I also love the product demonstrations – I could watch people show off fancy knives and mops and such for ages. I did end up buying a spiraliser – one that snaps on to a peeler/julienne double sided slicer – £20 for the whole bundle and something I’ve been wanting for ages.


Somehow I hadn’t quite filled up on free samples, so I decided to buy myself something hot for lunch – and when I saw a stall selling pokes of calamari I just couldn’t resist. Freshly cooked and worth the wait!


While enjoying my lunch I took in the live entertainment which was this act called House of Blakewell, previewing their Fringe show; We Can Make You Happy, and . This had me and a few others dotted around laughing and clapping along – shame it didn’t have a very big crowd to draw from (attendance picked up later in the afternoon it seems).


All in all, I really enjoyed my day mooching around and indulging in all the sights, sounds and smells of food. It was nice to see some local products represented (such as Edinburgh Gin and their swanky vintage car above), although it would have been nice for more to be made of this – hard I guess with a national based event that is rolled out to various locations. I would go again, but next time I’d like to book myself in to some of the live events in the chef’s theatre, and maybe take on some hands-on activities and learn a new skill.


Maggie Bob Bakes: banana and walnut loaf

Photo 10-02-2013 14 56 47

It’s only just February, and I appear to have been hit with a bit of spring cleaning fever already. I suppose this is partly due to the weather being a bit grim, leaving me stuck indoors on a Sunday, and turning my mind to cleaning and cooking. So while scrubbing down the kitchen today I found some blackening bananas and just knew I had to bake a banana loaf.

Photo 10-02-2013 15 02 26

My recipe is adapted from the one in Mary Berry’s Baking Bible. I had three bananas rather than two, so I reduced the amount of butter and sugar. I also swapped some of the caster sugar for soft brown sugar (aiming for more of a caramelised taste) and chucked in a handful of walnuts.


50g soft butter
50g caster sugar
50g soft brown sugar
2 eggs eggs
3 bananas – the riper the better
225g self raising flour
1 tsp baking powder
30 grams walnut halves

  1. Preheat your oven to 180, and line/grease a loaf tin.
  2. Put everything except the walnuts in to a mixing bowl, and beat together. Your arm will hurt by the end of this! The batter should be a reasonably even consistency and quite thick.
  3. Smash the walnuts – I ground some of them down fairly fine, and crumbled the rest in to larger pieces so that I had a variety in texture. Stir the walnuts through your mix.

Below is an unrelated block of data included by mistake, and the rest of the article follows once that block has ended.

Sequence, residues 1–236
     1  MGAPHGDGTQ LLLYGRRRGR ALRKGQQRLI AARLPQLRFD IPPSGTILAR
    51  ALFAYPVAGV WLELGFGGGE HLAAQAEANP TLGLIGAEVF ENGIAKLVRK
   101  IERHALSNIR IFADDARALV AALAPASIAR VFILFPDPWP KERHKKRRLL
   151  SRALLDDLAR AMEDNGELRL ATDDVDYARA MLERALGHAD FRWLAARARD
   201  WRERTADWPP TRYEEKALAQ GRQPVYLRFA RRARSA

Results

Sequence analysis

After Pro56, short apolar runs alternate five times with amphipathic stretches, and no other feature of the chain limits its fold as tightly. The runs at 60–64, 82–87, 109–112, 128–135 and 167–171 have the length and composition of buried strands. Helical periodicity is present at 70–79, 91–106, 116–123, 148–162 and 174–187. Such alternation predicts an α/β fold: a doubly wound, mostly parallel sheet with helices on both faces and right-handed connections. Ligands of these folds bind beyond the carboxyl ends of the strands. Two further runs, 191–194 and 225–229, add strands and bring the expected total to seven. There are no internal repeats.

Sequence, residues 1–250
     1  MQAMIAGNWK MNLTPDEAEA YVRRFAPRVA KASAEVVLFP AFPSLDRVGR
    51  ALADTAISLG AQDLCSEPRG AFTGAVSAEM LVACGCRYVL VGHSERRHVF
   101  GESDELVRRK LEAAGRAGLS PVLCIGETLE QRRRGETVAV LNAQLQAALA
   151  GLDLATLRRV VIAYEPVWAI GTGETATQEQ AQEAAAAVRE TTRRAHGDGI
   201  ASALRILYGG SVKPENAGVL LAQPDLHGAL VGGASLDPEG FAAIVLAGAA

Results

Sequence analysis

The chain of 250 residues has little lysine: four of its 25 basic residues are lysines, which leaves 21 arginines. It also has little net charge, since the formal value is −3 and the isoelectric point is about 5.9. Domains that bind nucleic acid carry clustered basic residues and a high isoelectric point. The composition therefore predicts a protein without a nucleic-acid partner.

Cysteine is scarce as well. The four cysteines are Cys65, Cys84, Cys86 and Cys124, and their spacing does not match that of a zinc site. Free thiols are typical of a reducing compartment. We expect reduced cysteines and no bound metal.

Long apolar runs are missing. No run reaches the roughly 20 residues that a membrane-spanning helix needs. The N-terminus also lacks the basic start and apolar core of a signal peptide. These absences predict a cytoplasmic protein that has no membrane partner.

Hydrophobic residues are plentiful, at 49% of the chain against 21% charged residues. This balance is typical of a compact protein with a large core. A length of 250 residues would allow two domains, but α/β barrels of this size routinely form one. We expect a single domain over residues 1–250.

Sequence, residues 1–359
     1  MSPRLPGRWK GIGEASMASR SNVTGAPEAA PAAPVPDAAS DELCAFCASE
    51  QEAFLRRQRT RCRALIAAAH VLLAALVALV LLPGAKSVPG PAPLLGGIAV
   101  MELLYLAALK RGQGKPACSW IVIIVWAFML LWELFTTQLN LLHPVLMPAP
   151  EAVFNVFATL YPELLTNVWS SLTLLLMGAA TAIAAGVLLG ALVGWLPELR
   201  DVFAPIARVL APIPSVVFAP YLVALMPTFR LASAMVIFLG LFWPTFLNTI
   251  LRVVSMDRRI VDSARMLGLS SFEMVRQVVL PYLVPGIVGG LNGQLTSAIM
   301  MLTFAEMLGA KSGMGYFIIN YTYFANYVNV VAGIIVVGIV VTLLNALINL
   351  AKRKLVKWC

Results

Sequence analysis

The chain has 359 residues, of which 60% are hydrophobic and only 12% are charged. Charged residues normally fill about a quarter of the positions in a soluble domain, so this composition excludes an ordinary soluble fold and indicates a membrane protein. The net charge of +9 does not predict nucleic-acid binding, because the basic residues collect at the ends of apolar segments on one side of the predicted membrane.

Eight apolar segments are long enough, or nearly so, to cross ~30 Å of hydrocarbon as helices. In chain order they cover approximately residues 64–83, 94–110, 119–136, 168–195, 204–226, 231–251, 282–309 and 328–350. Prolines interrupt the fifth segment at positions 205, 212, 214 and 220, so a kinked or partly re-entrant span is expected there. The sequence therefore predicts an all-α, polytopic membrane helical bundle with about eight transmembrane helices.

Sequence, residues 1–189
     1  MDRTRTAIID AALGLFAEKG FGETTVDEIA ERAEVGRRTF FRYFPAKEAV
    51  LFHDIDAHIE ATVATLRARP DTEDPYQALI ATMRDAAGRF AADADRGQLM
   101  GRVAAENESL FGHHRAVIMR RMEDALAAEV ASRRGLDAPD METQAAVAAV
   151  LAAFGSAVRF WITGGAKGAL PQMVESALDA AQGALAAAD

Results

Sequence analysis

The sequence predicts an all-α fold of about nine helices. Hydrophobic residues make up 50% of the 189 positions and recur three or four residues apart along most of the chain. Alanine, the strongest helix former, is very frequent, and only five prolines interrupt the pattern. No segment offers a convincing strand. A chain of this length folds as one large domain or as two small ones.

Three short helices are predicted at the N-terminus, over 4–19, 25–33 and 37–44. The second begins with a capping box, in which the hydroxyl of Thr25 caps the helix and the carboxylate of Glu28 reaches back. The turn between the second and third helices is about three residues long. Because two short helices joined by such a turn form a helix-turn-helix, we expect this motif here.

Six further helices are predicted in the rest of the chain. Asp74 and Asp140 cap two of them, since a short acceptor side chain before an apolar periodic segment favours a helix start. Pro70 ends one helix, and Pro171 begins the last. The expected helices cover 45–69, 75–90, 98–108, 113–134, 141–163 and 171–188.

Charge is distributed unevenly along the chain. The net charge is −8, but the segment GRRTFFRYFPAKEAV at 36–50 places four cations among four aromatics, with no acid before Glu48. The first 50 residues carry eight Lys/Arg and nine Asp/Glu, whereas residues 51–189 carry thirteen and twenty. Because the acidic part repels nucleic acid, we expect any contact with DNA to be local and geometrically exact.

4. Spoon/pour the mix in to your loaf tin and bake for 1 hour (until a skewer pushed in to the middle of the cake comes out clean.
  5. Allow to cool a little and then remove from the tin to cool completely. Slice thickly and serve with your hot drink of choice.

Maggie Bob Makes: Chorizo & Baked Eggs

Okay, so I only finished eating this 20 minutes ago, but I’ve already had a request for the recipe, so how could I say no?

I really like this recipe for an after work dinner, as it takes less than 30 minutes from start to tummy

Ingredients (serves 2)

1 small onion, big diced
1 large pepper, big diced
150g chorizo, cut in to chunks
2 chillies (we used ones rated ‘medium’ – go with what you know), finely chopped
10 cherry tomatoes, halved
2 cloves of garlic, crushed
10 closed cup mushrooms, cut into chunks
1/2 carton of passata
Tabasco red pepper sauce
2 medium eggs


  1. Pre-heat your oven to 190C.
  2. Fry off your onions and pepper for a couple of minutes, then add the chorizo, tomatoes, chillies, mushrooms and garlic.
  3. When the vegetables & chorizo are all browned, add the passata (and a splash of water if it’s too dry) and 2 teaspoons of tabasco red pepper sauce.
  4. Cook through until everything is hot and nicely bubbling. Season to taste (it at least needs a good dash of sea-salt), then divide in to 2 oven proof dishes.
  5. Crack an egg on top of each dish, and cook in the oven for 12-15 minutes (until the whites of the eggs have set)

Serve with some soft buttered bread. I can see this is going to be a recipe I’ll come back to time and time again. Hope you like it.




(Chorizo picture from jlastras’ Flickr stream)

Maggie Bob Makes: Quick Mushroom Curry

It’s National Curry Week , so it seemed as good an excuse as any to share with you my curry recipe.

Okay, I know this curry is a slight cheat in that it uses curry paste, but I don’t cook curry well enough or often enough to warrant a cupboard full of spices. So, this is my take on a quick and easy curry that tastes amazing anyway.

(Serves 4)

Vegetable oil
1 medium onion, diced